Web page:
Choose the Right Business Intelligence Style for your Project

The Office Business Intelligence group gets the occasional question about why we offer several different BI solutions when our competitors often only offer one. Microsoft offers its customers no shortage of choices when it comes to BI solutions. We do this because, like anything else, there is no single solution for any problem. The hammer isn’t necessarily the tool for every trade, nor every job. And the tool that you can use to break down your business analytics should be no different. In this post, I want to talk briefly about what BI tools Microsoft offers and how they can be used for different purposes.

Choosing which BI application to use is a project-by-project decision. One BI application cannot cover your all your business needs – nor should it be able to. Each BI project has different users, different requirements and different stakeholders. Having choices available when you are planning your BI projects allows you to choose the right style, or tool, for the job.

BI styles depend on how users want to interact with information. The "How to Choose the Right Business Intelligence Technology to Suit Your Style" white paper defines 5 different styles.

  • Self-Service Analysis – Self-Service Analysis describes free-form reporting and analysis by users so that they can integrate data from disparate sources and drill-down and understand the root cause for data anomalies.  These non-technical users value the ability to perform their own reporting and analysis without relying on IT or others.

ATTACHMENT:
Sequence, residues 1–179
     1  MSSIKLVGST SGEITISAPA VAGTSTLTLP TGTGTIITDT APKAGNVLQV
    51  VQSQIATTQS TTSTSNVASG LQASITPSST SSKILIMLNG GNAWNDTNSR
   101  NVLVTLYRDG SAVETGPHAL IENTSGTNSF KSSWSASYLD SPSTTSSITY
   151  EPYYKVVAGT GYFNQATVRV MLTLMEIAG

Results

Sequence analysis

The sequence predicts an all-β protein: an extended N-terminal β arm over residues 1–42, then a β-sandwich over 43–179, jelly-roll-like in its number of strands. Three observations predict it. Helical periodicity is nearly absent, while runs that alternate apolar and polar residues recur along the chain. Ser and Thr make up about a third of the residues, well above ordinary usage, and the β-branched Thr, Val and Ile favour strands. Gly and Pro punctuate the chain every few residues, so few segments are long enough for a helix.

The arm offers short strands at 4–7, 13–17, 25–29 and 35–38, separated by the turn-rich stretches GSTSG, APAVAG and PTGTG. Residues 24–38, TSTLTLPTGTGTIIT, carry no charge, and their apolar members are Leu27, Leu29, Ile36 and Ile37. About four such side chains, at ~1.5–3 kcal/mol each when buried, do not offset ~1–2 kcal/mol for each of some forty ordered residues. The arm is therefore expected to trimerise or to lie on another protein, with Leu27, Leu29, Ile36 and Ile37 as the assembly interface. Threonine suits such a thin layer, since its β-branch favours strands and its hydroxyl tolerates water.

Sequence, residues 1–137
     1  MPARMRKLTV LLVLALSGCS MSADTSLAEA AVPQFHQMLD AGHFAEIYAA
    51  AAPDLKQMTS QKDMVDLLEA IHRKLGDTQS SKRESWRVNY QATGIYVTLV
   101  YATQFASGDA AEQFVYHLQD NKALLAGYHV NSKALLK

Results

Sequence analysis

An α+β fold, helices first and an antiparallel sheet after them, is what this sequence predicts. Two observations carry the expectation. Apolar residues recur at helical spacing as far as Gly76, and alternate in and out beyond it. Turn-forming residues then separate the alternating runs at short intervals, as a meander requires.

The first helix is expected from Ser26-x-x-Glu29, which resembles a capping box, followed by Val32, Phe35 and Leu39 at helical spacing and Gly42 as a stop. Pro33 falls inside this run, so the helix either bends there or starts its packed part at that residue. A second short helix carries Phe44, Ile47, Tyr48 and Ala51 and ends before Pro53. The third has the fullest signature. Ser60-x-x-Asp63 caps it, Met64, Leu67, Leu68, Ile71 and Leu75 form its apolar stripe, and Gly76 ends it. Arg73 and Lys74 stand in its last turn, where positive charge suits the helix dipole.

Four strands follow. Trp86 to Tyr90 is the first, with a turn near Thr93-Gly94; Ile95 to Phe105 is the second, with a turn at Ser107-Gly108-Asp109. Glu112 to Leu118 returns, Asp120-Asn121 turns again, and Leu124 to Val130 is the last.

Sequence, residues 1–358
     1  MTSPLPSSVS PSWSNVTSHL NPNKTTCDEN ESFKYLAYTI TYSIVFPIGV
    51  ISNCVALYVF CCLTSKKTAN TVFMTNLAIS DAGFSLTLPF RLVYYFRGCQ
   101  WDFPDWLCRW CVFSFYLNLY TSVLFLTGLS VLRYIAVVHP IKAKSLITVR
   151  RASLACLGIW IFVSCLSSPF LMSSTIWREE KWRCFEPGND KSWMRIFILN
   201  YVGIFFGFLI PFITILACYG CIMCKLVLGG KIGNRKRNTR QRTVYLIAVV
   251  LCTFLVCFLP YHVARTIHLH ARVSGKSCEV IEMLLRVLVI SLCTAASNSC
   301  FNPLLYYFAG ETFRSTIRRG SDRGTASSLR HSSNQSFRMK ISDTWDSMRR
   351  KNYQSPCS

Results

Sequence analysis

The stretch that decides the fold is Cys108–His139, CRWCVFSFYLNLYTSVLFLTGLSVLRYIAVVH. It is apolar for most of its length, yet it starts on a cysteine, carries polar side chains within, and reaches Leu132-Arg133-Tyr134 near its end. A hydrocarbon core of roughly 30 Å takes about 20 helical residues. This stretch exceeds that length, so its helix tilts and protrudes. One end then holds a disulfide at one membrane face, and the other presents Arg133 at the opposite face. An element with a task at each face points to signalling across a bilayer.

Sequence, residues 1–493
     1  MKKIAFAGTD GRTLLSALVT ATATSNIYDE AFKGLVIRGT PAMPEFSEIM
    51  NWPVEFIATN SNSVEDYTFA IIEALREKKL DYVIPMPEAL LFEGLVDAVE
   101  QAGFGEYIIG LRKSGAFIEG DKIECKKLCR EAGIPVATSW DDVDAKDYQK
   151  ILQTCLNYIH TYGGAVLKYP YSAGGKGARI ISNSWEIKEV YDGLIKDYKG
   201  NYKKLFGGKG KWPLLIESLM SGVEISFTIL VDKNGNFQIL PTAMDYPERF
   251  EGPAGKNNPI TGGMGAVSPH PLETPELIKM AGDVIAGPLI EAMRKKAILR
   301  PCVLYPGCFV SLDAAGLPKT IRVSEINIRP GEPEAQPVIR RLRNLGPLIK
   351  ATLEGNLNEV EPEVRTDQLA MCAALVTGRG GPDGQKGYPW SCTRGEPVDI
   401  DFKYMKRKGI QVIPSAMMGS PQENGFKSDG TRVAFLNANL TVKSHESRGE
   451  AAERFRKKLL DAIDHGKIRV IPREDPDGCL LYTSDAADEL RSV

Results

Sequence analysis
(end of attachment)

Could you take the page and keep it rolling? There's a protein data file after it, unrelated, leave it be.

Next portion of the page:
Applications: Excel & Excel with PowerPivot
    • Business Reporting – This style describes formatted reports that are created by advanced business users or analysts.  Reports are typically based upon approved corporate data, and then shared more broadly with managers, teams, or departments. In this style, IT involvement is moderate, usually overseeing the distribution and monitoring of the reporting environment and building of the structured data layer upon which the reports are built.
      Applications: Excel with PowerPivot or Report Builder
      • Parameterized & Operational Reporting – Similar to the Business Reporting style, Parameterized &Operational Reporting is also characterized by fixed-format reports. The reports, however, are authored and managed by IT instead of business users and usually follow a pixel perfect format and rendering style. Consistency, scalability, manageability, and automated distribution are some of the key characteristics of this style.
        Applications: SQL Reporting Services
        • Performance Monitoring – This style describes dashboard-style reports that allow users to quickly and easily monitor the performance of their business.  This style is catered to executive level or department leadership who require at-a-glance visibility on the health of the business, but it often also permits further investigation via interactivity.
          Applications: Excel Services with PowerPivot for Excel, Reporting Services, PerformancePoint Services
          • Scorecarding – Scorecarding is a style that describes highly summarized views with Key Performance Indicators (or KPIs) measured and scored against predefined targets such as a balanced scorecard.  This style is generally a part of a performance management program, though it can also be used to measure operational performance.
            Applications: Excel Services with PowerPivot for Excel, Reporting Services, PerformancePoint Services

          The BI style can be compared to the type of author and how structured the data is. The chart below shows how the different Microsoft BI tools fit in this matrix.